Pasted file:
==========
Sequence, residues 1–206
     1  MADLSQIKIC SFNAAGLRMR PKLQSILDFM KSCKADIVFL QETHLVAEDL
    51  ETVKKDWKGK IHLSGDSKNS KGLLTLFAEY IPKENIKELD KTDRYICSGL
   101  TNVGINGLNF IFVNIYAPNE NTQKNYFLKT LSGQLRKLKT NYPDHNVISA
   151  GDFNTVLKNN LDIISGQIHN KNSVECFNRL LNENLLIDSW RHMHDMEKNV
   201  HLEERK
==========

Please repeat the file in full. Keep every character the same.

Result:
Sequence, residues 1–206
     1  MADLSQIKIC SFNAAGLRMR PKLQSILDFM KSCKADIVFL QETHLVAEDL
    51  ETVKKDWKGK IHLSGDSKNS KGLLTLFAEY IPKENIKELD KTDRYICSGL
   101  TNVGINGLNF IFVNIYAPNE NTQKNYFLKT LSGQLRKLKT NYPDHNVISA
   151  GDFNTVLKNN LDIISGQIHN KNSVECFNRL LNENLLIDSW RHMHDMEKNV
   201  HLEERK